Fiscal Notes Status: Fiscal impact for this bill
Calendar Notification: NOT ON CALENDAR
News: The first Colorado Senate bill of the session focuses on opioids
Audio, Floors and Committees:

SB19-006 Electronic Sales And Use Tax Simplification System 
Short Title: Electronic Sales And Use Tax Simplification System
Sponsors: A. Williams / T. Kraft-Tharp | K. Van Winkle
Summary:

Sales and Use Tax Simplification Task Force. The bill requires the office of information technology (office) and the department of revenue (department), within existing resources, to conduct a sourcing method in accordance with the applicable provisions of the procurement code, and any applicable rules, for the development of an electronic sales and use tax simplification system (system). The bill also requires the office and the department to involve stakeholders to develop the scope of work.

The bill requires the general assembly to make any necessary appropriations for the initial funding and ongoing maintenance of the system from any net sales tax revenues that is credited to the general fund.

The bill specifies that on and after the date the system is online the department is required to accept any returns and payments processed through the system for state sales and use tax and for any sales and use taxes that are collected by the department on behalf of any local taxing jurisdiction.

The bill specifies that it is the general assembly's intent that a certain number of local taxing jurisdictions with home rule charters voluntarily use the system when the system comes online. Additionally, the bill states that it is the general assembly's intent that all local taxing jurisdictions with home rule charters voluntarily use the system within a specified number of years.


(Note: This summary applies to the reengrossed version of this bill as introduced in the second house.)

Position:
Floor Votes: 01/28/2019 - Senate Floor Vote for SB19-006
  BridgesY   CookeY   CoramE   CourtY
  CrowderY   DanielsonY   DonovanY   FenbergY
  FieldsY   FooteY   GardnerY   GinalY
  GonzalesY   HillY   HiseyY   HolbertE
  LeeY   LundeenY   MarbleY   MorenoY
  PettersenY   PresidentY   PriolaY   RankinY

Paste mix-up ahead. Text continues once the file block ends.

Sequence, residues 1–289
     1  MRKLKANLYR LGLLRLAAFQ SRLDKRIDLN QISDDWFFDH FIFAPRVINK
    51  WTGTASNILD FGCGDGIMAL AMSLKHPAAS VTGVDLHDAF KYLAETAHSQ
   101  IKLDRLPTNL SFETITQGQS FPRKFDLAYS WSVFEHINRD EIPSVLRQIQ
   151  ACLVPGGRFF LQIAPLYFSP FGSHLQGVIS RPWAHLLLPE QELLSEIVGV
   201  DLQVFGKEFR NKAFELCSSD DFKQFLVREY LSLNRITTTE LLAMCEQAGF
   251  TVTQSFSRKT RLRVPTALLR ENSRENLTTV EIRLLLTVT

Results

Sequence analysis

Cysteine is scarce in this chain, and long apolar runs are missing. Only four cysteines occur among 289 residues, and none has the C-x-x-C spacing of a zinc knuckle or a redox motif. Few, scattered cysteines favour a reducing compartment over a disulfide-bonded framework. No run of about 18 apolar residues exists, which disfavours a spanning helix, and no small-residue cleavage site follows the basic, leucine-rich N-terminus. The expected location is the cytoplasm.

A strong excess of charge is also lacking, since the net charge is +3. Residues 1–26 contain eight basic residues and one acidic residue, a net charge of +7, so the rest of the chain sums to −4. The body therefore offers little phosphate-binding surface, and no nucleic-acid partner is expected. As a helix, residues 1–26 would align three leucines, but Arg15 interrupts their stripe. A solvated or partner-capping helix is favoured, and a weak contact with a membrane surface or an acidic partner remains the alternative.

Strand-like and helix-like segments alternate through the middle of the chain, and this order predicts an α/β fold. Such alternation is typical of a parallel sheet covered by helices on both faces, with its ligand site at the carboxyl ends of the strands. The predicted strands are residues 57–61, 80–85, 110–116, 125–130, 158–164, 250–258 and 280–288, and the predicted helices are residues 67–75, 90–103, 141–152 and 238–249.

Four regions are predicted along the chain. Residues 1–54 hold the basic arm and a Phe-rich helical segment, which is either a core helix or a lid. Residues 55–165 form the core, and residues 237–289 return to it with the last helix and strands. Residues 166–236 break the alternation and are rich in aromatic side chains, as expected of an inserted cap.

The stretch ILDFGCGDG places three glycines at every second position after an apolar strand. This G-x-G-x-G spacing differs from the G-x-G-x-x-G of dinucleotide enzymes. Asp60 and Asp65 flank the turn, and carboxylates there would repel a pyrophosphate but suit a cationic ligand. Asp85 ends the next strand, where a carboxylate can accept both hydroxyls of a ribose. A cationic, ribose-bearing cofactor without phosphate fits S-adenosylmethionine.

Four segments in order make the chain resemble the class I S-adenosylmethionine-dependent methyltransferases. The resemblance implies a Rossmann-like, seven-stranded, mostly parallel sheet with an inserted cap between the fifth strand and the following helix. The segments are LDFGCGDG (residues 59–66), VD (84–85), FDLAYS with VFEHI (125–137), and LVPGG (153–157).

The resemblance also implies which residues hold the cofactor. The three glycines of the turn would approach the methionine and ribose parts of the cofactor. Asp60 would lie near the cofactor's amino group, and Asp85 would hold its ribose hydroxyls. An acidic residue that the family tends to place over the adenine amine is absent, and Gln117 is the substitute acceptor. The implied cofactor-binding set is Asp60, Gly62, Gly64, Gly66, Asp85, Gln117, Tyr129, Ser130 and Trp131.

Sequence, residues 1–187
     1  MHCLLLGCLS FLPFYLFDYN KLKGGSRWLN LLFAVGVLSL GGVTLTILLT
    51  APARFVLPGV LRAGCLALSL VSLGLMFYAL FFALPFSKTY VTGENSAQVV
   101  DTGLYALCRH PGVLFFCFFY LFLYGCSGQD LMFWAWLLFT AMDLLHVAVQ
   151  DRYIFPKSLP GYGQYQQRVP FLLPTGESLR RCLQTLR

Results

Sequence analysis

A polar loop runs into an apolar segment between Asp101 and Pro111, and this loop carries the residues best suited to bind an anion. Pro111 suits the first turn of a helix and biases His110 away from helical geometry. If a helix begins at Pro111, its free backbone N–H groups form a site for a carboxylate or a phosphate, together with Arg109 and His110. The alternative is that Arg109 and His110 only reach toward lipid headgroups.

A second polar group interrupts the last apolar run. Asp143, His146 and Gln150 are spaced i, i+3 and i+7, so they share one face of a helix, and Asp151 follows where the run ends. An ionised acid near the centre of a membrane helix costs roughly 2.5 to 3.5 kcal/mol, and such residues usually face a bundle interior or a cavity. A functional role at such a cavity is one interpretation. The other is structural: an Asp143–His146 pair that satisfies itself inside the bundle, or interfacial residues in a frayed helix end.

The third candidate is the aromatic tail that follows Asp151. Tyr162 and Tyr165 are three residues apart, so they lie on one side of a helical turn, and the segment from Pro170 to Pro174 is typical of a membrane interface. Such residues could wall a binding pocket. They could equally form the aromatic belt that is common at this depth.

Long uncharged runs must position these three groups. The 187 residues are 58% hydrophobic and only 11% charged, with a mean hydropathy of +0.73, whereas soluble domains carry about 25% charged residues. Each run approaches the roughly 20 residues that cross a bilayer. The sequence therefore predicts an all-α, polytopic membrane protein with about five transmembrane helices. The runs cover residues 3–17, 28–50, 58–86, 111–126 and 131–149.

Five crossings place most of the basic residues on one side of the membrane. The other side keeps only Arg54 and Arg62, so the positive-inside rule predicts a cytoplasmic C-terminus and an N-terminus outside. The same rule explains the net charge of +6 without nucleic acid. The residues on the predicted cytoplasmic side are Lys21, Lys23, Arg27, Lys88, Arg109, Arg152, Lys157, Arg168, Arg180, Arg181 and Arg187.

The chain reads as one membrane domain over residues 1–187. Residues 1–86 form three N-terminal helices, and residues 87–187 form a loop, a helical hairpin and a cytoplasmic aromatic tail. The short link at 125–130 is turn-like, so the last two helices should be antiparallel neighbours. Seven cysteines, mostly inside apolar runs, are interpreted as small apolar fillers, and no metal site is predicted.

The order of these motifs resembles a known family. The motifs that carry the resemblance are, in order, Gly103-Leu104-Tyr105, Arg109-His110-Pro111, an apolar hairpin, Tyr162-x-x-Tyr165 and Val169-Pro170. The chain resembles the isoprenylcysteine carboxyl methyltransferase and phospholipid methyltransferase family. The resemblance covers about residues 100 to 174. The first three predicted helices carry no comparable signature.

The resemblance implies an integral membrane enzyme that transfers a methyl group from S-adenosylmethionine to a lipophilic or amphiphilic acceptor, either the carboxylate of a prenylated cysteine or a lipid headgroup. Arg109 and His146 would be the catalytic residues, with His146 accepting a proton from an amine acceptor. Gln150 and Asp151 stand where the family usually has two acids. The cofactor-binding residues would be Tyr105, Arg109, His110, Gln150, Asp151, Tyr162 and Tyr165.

RodriguezY   ScottY   SmallwoodY   SonnenbergY
  StoryY   TateY   ToddY   Williams A.Y
  WinterY   WoodwardY   ZenzingerE


Status: 2/11/2019 House Committee on Finance Refer Amended to Appropriations
Bank Impact:
Comment:
CBA Notes:
Fiscal Notes:

Fiscal Note

Fiscal Notes Status: Fiscal impact for this bill
Calendar Notification: NOT ON CALENDAR
News:
Audio, Floors and Committees:

SB19-085 Equal Pay For Equal Work Act 
Short Title: Equal Pay For Equal Work Act
Sponsors: J. Danielson | B. Pettersen / J. Buckner | S. Gonzales-Gutierrez
Summary:

The bill removes the authority of the director of the division of labor standards and statistics in the department of labor and employment (director) to enforce wage discrimination complaints based on an employee's sex and instead permits an aggrieved person to bring a civil action in district court to pursue remedies specified in the bill.

The bill allows exceptions to the prohibition against a wage differential based on sex if the employer demonstrates that a wage differential is based upon one or more factors, including:

  • A seniority system;
  • A merit system; or
  • A system that measures earnings by quantity or quality of production.

The bill prohibits an employer from:

  • Seeking the wage rate history of a prospective employee;
  • Relying on a prior wage rate to determine a wage rate;
  • Discriminating or retaliating against a prospective employee for failing to disclose the employee's wage rate history; and
  • Discharging or retaliating against an employee for actions by an employee asserting the rights established by the bill against an employer.

The bill requires an employer to announce to all employees employment advancement opportunities and job openings and the pay range for the openings. The director is authorized to enforce actions against an employer concerning transparency in pay and employment opportunities, including fines of between $500 and $10,000 per violation.


(Note: This summary applies to this bill as introduced.)

Position:
Floor Votes:
Status: 1/17/2019 Introduced In Senate - Assigned to Judiciary
Bank Impact:
Comment:
CBA Notes:
Fiscal Notes:

Fiscal Note

Fiscal Notes Status: Fiscal impact for this bill
Calendar Notification: Wednesday, February 20 2019
SENATE JUDICIARY COMMITTEE
1:30 PM SCR 352
(1) in senate calendar.
News:
Audio, Floors and Committees: